Akua’Ba (Fertility Figure)


By: Adenike Cosgrove Tagged:


Akua’ba (pl. akua’ma; meaning ‘Akua’s children’) are small fertility figures found in shrines across Akanland. The Akan believe that, "the name akua’ba comes from the legend of a woman named Akua who was barren, but like all Akan women, she desired most of all to bear children. She consulted a priest who instructed her to commission the carving of a small wooden child and to carry the surrogate child on her back as if it were real. Akua cared for the figure as she would a living baby, even giving it gifts of beads and other trinkets. She was laughed at and teased by fellow villagers, who began to call the wooden figure akua’ba, or “Akua’s child.” Eventually though, Akua conceived a child and gave birth to a beautiful baby girl. Soon thereafter, even her detractors began adopting the same practice to overcome barrenness."2

Following the example set by Akua, barren Akan women, or those newly married and hoping for children, have a personalised akua’ba figure created to reverse the curse of infertility. These figures are blessed and consecrated by Akan priests in atano shrines; the priest prays to the spirits to deliver a living child to his client. Once consecrated, the owners of the figure must care for it like it is indeed a living child, the figure must be caressed, carried, protected and fed, some are even given jewellery in the form of glass beads and clothing to enhance their beauty.

Once the owner becomes a mother through birth, the akua’ba is returned to the priest and added to the spirit’s shrine as a thanks offering for the real child delivered. Atano shrines can feature up to 10 akua’ma figures; the large number of figures is a sign of the spirits power and ability to help Akan women conceive. In some cases, the akua’ba figure is kept by the family as an heirloom or giving to the child as a toy.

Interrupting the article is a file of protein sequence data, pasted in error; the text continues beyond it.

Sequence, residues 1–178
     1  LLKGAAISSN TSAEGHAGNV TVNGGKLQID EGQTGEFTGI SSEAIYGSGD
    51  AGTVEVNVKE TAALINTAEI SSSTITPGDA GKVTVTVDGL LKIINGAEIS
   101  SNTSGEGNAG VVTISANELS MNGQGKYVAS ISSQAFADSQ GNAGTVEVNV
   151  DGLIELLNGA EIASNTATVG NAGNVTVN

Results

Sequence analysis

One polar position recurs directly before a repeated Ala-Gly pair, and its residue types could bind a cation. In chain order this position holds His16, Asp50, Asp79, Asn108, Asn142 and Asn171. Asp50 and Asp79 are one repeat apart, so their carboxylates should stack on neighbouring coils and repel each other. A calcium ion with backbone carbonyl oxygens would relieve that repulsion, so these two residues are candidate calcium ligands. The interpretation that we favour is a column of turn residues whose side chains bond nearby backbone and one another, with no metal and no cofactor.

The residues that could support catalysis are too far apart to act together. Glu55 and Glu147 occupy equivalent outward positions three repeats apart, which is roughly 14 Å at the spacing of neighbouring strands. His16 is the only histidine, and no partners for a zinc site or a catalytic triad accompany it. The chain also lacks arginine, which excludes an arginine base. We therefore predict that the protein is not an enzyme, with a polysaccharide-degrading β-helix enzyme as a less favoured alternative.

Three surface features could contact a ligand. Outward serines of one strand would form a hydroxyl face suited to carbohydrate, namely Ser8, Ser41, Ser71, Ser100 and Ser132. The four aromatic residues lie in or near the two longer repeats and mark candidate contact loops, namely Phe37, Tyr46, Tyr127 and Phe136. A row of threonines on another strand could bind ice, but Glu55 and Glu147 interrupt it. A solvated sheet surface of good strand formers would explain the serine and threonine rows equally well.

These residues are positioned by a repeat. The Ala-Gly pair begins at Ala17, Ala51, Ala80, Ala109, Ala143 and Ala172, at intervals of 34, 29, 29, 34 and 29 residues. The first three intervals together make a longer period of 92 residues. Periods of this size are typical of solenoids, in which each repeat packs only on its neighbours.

NOTE: The Akan refer to all human figural sculptures as akua’ma even those not intended as fertility figures.

Distinguishing Features

Common features among all akua’ma:

    • Made of wood
    • Face confined to the bottom half or third of the head
    • Sweeping eyebrows that converge on the bridge of thin nose
    • Bulging coffee bean or half moon eyes
    • Delicate, small mouth
        • Set low on the face, positioned at the very bottom, leaving no chin
    • 2 - 3 short horizontal or plus-shaped incisions on cheeks (just below eyes)
    • Neck usually long
        • 3 - 8 rings on neck
    • Backs of the head of some figures have incised or low relief carving
    • Body is highly abstracted and geometric
        • Neck, upper torso, and upper limbs carved as connected cylinders
        • Cylindrical torso with simple indications of the breasts and navel
        • Torso ends in a base (legs rarely depicted)
        • Base slightly larger in diameter than its cylindrical torso
    • Always carved as female
    • Beads sometimes ornament the waist and neck
    • In profile figure is relatively flat

Regional variations (Ashante sub-group):

    • Head slanting diagonally to body
    • Flat, disk-shaped head
    • High, oval forehead
    • Mouth same width as nose
    • 3 or more small holes on faces
        • One on top of head
        • One on each side of lower part of face (for small bead earrings)
    • Carved with or without arms
        • Short, cone-shaped arms project at right angles from torso
        • Sometimes holes at end of arms (for insertion of beads)
        • Full figured (with arms and legs) are recent productions (20th century)
    • Blackened, glossy finish

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